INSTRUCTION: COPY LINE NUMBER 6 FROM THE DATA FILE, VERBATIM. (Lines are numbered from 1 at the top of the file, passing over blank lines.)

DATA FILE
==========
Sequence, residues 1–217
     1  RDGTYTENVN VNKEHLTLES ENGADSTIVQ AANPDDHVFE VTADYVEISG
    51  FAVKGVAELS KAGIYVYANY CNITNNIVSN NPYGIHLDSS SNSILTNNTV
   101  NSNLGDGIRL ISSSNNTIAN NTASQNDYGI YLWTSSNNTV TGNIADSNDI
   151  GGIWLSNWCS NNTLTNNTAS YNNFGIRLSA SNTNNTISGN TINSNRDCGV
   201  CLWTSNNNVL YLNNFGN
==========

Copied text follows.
   201  CLWTSNNNVL YLNNFGN